Vampires, Blutbads and Walkers...Oh my!

February 19, 2012 by Steph

We are not huge fans of horror movies. In fact, I still have nightmares from seeing a small part of A Nightmare on Elm Street in 6th grade. However, we are constantly drawn to vampires, werewolves, zombies and other creative monsters in television and film. Maybe it’s the winter weather getting to us, but we have been obsessing over several monster shows including Being Human (UK), Grimm on NBC and The Walking Dead on AMC.

 
Being Human (UK)
The show is about how a vampire, werewolf and ghost live together in a house in Bristol, and work at a local hospital. Everything about this concept is interesting to me. How did they all become friends? Why is the ghost still here? How can a vampire work at a hospital? Then the bigger questions keep me coming back for more. What makes us human? When do we lose our humanity? The show allows us to consider a world where there are vampires overcoming addictions, werewolves working on anger management, and ghosts conquering co-dependency. A world where monsters are more human than we imagine.
 
Grimm
This is a show that I thought I wouldn’t like, but with each episode I find myself liking it more and more (a good part of that is due to the clever acting of Silas Weir Mitchell as Monroe and the fact that they actually filmed it in Portland). At a basic level it is a crime show where all of the criminals happen to be monsters and the main detective a descendant of the Grimm family. The monsters are interesting and complex, and the writers have done a fantastic job of making them believable. I like battles of good vs. evil, but even more when the lines of where good and evil begin aren’t quite clear. Any show that can make me laugh out loud, jump in fear and tell an interesting story in under an hour, is worth watching.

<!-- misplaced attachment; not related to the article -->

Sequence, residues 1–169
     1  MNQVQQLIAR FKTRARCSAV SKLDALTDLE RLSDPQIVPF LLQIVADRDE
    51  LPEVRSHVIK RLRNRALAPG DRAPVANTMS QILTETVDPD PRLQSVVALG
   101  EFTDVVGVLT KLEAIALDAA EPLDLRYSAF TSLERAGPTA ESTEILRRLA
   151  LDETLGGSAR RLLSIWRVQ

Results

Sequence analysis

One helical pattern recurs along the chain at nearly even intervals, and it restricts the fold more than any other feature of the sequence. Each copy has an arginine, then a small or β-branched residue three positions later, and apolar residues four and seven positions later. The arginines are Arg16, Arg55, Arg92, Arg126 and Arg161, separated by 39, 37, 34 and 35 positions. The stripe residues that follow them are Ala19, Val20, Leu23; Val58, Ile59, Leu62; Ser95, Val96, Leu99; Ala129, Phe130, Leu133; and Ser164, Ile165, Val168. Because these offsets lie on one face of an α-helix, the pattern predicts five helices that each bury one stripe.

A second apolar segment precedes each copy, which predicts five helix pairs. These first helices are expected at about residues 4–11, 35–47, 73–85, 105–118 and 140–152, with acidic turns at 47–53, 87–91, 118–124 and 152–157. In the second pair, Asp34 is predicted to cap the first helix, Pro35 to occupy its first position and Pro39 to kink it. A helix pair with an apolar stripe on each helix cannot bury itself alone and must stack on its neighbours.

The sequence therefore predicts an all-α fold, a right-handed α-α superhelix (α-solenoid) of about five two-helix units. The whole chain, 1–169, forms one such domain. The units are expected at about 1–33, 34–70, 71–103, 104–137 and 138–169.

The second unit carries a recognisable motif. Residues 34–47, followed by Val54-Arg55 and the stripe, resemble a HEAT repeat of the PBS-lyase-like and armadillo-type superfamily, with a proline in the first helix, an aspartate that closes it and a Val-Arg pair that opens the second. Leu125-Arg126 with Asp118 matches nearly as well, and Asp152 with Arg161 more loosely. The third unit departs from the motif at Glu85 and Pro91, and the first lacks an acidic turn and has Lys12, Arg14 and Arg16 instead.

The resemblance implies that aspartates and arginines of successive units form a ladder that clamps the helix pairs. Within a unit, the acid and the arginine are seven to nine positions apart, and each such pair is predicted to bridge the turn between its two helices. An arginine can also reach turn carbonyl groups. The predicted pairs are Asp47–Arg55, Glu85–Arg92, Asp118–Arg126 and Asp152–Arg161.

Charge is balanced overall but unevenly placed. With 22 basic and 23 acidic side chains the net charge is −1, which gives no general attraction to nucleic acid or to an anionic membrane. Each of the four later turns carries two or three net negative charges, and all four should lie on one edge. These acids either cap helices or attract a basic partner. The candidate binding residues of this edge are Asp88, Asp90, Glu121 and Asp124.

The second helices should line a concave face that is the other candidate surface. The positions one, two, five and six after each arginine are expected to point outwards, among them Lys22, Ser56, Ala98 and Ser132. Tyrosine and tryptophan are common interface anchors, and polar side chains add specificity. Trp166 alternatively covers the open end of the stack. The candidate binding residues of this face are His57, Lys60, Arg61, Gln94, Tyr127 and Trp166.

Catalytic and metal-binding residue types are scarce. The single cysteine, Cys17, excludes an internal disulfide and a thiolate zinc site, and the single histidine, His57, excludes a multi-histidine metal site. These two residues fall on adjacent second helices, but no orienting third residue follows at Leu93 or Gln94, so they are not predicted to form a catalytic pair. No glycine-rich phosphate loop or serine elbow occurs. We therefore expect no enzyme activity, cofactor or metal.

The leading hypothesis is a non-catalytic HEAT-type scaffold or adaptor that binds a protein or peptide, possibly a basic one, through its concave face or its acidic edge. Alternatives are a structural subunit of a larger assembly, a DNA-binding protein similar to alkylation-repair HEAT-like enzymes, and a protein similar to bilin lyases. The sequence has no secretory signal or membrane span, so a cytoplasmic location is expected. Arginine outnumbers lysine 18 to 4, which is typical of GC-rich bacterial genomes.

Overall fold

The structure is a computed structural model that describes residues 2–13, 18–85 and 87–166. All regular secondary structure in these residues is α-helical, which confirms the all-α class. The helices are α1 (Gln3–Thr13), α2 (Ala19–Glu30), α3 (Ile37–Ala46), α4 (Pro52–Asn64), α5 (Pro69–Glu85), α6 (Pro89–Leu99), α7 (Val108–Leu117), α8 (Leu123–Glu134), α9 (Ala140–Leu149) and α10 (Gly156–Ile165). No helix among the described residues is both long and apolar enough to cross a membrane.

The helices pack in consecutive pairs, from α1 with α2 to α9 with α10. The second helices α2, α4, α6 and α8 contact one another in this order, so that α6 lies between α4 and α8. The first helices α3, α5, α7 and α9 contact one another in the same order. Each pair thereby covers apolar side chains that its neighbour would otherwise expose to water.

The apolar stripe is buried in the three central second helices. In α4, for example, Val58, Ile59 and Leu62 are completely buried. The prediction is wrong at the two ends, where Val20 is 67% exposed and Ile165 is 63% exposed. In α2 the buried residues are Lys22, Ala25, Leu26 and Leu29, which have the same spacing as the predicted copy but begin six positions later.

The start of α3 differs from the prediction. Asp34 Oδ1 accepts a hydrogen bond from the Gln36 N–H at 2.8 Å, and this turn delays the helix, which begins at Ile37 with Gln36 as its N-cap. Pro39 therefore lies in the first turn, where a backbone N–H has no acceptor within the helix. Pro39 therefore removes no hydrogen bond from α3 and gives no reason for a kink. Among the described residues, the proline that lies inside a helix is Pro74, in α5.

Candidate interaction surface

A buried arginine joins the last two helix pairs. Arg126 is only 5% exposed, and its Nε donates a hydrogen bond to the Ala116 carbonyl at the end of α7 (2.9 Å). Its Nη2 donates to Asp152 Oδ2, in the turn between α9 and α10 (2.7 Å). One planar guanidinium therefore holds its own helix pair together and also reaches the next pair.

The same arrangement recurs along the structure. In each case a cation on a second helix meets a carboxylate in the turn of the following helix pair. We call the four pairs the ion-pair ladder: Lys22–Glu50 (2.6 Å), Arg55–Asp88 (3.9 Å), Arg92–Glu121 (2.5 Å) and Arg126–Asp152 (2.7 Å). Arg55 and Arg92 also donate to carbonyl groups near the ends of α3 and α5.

The Walking Dead
Since it is a show about zombies and the end of the world, there are monsters and beautiful shots of desolate cities, but there is also great acting and storytelling. The show brings forward the same interesting questions presented by Lost, Battlestar Galactica or Lord of the Flies. How do we as humans react in disastrous situations? Do we resort to chaos or come together for the future of humanity? Are we able to look forward and dream? Who finds freedom in starting life over? Of course, it is still a zombie show, so be prepared for creepy chase scenes and gruesome deaths. The fear is part of the fun after all.

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